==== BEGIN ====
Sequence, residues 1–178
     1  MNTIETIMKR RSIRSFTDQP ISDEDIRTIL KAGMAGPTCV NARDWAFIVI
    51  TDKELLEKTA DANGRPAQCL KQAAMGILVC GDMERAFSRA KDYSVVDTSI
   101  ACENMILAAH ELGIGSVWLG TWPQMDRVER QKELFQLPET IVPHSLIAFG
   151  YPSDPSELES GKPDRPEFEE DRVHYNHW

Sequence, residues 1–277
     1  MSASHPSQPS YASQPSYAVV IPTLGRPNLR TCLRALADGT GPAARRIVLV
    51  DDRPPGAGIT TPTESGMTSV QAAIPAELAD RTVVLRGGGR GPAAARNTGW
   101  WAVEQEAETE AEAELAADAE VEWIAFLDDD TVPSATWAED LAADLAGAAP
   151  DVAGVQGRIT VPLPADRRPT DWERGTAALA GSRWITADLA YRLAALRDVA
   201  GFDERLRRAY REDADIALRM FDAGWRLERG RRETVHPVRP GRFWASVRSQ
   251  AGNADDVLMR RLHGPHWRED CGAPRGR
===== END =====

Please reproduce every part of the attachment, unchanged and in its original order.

Sequence, residues 1–178
     1  MNTIETIMKR RSIRSFTDQP ISDEDIRTIL KAGMAGPTCV NARDWAFIVI
    51  TDKELLEKTA DANGRPAQCL KQAAMGILVC GDMERAFSRA KDYSVVDTSI
   101  ACENMILAAH ELGIGSVWLG TWPQMDRVER QKELFQLPET IVPHSLIAFG
   151  YPSDPSELES GKPDRPEFEE DRVHYNHW

Sequence, residues 1–277
     1  MSASHPSQPS YASQPSYAVV IPTLGRPNLR TCLRALADGT GPAARRIVLV
    51  DDRPPGAGIT TPTESGMTSV QAAIPAELAD RTVVLRGGGR GPAAARNTGW
   101  WAVEQEAETE AEAELAADAE VEWIAFLDDD TVPSATWAED LAADLAGAAP
   151  DVAGVQGRIT VPLPADRRPT DWERGTAALA GSRWITADLA YRLAALRDVA
   201  GFDERLRRAY REDADIALRM FDAGWRLERG RRETVHPVRP GRFWASVRSQ
   251  AGNADDVLMR RLHGPHWRED CGAPRGR